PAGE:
Specific nerves include several cranial nerves, specifically the oculomotor nerve, facial nerve, glossopharyngeal nerve, and ... The vagus nerve is an unusual cranial parasympathetic in that it doesn't join the trigeminal nerve in order to get to its ... Several parasympathetic nerves come off the vagus nerve as it enters the thorax. One nerve is the recurrent laryngeal nerve, ... ophthalmic nerve, maxillary nerve, mandibular nerve). The vagus nerve does not participate in these cranial ganglia as most of ...
The Trigeminal nerve(CNS V); The Facial nerve(CNS VII); The Glossopharyngeal nerve (CNS IX); The Vegus nerve(CNS X); The ... Auditory training grows neurons at 1/10 mm per day; these major nerves are stimulated and remediated through listening to the ... Accessory nerve(CNS XI); and the Hypoglossal nerve(CNS XII) are required to be integral and in cooperation with one another for ... All of the nerves of speech articulation are innervated in the ear. ...
Idiopathic neuralgia of the glossopharyngeal nerve.. Carbamazepine is intended for oral use; the daily dose of the drug should ... Idiopathic trigeminal neuralgia and trigeminal neuralgia in multiple sclerosis (typical and atypical).. - ...
... optic nerve; III, oculomotor nerve; IV, trochlear nerve; Vmx, maxillary ramus of trigeminal nerve; IX, glossopharyngeal nerve; ... X, vagus nerve; apal, palatine artery (parabasal canal); aps, pseudobranchial artery; asc, anterior semicircular canal; asp, ... ventral anterior myodome and potential course of profundus nerve. Scale bar equals 1 cm ...
Largest cranial nerve is Trigeminal nerve.. *The smallest cranial nerve is the Abducens nerve. ... Glossopharyngeal. taste and swallow. 10(X). Vagus. heart rate and digestion. 11(XI). Accessory. head movement. ... Cranial nerves are the paired nerves that originated from the brain and supply to the different targeted organs to control ... There are 12 pairs of cranial nerves found in amniotes.. *The 12 cranial nerves and their functions are stated in the below ...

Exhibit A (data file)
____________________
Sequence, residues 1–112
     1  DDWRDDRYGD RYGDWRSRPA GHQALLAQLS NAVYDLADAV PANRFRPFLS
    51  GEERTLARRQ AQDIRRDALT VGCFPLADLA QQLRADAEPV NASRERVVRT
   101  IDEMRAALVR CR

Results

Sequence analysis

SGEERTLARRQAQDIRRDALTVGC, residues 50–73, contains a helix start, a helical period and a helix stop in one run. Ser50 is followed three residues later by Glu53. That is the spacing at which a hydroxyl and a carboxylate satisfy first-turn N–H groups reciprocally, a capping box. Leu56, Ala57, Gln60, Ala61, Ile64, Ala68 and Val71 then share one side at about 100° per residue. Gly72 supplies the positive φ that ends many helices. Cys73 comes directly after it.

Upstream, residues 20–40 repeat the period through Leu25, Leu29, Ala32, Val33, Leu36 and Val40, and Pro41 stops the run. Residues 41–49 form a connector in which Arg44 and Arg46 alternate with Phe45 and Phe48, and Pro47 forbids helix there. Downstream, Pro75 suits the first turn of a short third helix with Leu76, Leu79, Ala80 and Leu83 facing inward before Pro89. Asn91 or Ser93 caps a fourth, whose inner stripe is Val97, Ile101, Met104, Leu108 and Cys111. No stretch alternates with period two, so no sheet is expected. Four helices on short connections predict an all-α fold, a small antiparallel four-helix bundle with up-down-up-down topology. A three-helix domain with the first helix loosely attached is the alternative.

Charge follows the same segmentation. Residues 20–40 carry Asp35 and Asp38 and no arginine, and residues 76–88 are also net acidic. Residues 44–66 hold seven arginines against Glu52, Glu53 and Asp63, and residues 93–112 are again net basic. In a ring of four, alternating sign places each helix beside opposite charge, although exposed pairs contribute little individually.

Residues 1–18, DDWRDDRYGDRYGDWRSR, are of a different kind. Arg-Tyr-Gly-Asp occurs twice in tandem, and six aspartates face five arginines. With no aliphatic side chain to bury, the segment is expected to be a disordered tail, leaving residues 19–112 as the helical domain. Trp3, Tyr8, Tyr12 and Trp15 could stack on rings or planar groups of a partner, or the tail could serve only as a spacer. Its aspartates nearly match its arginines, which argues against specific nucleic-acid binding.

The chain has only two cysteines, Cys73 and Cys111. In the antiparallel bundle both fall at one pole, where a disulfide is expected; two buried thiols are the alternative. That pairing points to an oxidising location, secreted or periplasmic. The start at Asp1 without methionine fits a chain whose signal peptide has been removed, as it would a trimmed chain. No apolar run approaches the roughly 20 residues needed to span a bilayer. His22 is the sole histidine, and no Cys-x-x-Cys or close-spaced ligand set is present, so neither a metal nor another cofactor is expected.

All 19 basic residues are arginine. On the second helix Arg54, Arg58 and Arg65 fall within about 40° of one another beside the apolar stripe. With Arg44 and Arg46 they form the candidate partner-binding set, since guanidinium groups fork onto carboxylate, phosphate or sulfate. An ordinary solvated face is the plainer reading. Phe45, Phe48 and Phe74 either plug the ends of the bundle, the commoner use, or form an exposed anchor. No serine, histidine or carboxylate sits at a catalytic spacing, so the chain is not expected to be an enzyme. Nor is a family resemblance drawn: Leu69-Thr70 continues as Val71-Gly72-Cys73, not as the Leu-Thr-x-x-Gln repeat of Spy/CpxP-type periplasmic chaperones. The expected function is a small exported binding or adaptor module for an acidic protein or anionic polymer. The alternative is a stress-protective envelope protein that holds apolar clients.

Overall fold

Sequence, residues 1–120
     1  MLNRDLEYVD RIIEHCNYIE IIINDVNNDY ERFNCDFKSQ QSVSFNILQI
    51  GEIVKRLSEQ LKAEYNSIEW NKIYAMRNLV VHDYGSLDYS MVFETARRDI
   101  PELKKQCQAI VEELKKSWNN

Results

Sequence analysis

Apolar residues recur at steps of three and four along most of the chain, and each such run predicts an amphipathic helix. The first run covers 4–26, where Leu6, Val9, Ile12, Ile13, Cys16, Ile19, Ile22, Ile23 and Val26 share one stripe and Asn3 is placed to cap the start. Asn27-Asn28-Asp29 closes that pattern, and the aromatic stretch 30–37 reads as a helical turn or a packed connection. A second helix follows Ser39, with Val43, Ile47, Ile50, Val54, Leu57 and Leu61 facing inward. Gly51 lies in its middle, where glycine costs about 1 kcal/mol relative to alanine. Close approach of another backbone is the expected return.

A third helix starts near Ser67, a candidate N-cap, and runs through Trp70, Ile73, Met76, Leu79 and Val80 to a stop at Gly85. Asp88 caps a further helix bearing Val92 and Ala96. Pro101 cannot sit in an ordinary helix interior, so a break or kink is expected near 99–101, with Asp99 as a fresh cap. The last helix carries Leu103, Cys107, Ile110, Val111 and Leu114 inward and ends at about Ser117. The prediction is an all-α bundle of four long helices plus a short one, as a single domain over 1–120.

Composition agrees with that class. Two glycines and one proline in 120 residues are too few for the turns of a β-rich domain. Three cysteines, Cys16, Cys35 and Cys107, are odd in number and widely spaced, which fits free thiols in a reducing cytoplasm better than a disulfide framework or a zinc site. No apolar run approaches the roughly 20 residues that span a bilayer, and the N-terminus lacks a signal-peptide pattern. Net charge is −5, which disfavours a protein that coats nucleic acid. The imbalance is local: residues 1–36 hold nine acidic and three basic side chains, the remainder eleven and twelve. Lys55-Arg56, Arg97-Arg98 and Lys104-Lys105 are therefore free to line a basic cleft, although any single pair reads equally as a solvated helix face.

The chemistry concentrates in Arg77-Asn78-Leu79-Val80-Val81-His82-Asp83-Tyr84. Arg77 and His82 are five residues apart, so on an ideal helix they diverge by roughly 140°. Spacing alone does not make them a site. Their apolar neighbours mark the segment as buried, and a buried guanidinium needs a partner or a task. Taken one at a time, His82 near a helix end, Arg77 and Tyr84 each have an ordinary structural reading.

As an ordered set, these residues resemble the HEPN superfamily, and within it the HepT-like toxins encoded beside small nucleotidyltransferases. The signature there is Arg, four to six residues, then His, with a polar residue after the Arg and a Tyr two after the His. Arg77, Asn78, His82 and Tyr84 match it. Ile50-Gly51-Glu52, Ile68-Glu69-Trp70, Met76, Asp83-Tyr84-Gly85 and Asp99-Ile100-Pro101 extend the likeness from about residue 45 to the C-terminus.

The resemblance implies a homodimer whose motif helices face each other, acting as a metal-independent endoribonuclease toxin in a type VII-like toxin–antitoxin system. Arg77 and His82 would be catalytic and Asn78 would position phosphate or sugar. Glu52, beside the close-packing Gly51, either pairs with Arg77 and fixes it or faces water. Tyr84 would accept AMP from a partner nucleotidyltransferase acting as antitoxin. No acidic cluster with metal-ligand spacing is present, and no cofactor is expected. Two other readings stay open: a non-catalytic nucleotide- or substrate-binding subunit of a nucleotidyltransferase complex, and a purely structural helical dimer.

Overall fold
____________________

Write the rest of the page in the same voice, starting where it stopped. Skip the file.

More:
I: Trigeminal (V). II: Facial (VII). III: Glossopharyngeal (IX). IV/VI: Vagus (X) What are the skeletal derivatives of ... What are the Cranial Nerve derivatives of the 5 Branchial Arches?. ARCH I ...
Some of the common nerve pain problems such as diabetic neuropathy and trigeminal neuralgia are treated with Tegretol. Some ... Tegretol decreases the nerve impulses which cause pain and seizures. ... Tegretol is also used for treatment of diseases such as trigeminal neuralgia and glossopharyngeal neuralgia.. ... Some of the common nerve pain problems such as diabetic neuropathy and trigeminal neuralgia are treated with Tegretol. Some ...
Trigeminal nerve February 20, 2021 * Vagus Nerve Stimulation Indications February 19, 2021 ... Recurrent glossopharyngeal neuralgia February 4, 2021 * Pediatric traumatic brain injury guidelines February 3, 2021 ... Vagus nerve stimulation for drug-resistant epilepsy October 30, 2020 * Mesial temporal lobe epilepsy treatment October 29, 2020 ... Diffusion tensor imaging for trigeminal neuralgia September 28, 2020 * Methotrexate for Primary central nervous system lymphoma ...
Trigeminal nerve February 20, 2021 * Vagus Nerve Stimulation Indications February 19, 2021 ... Recurrent glossopharyngeal neuralgia February 4, 2021 * Pediatric traumatic brain injury guidelines February 3, 2021 ... Vagus nerve stimulation for drug-resistant epilepsy October 30, 2020 * Mesial temporal lobe epilepsy treatment October 29, 2020 ... Diffusion tensor imaging for trigeminal neuralgia September 28, 2020 * Methotrexate for Primary central nervous system lymphoma ...
V: trigeminal: trigeminal ganglion V1: ophthalmic: lacrimal - frontal (supratrochlear, supraorbital) - nasociliary (long root ... IX: glossopharyngeal: fasciculus solitarius - nucleus ambiguus - ganglia (superior, petrous) - tympanic - carotid sinus ... The greater petrosal nerve is a nerve in the skull that branches from the facial nerve; it forms part of a chain of nerves that ... The nerve joins with the deep petrosal nerve (a nerve which carries sympathetic fibers) to form the nerve of pterygoid canal. ...
Peripheral nerves extend out from your spine at every level on both the left and right sides. The nerves that extend from your ... V- Trigeminal- movement & sensation to your face, tongue, nose, ear. VI- Abducent- eye movement ... IX- Glossopharyngeal- swallowing, speech, taste. X- Vagus- control heart, lungs & digestion. XI- Accessory- neck muscles ... Is your head twisted? Cranial Nerves: A missing link for head, face and body pain. Posted on December 14, 2016. by Brent ...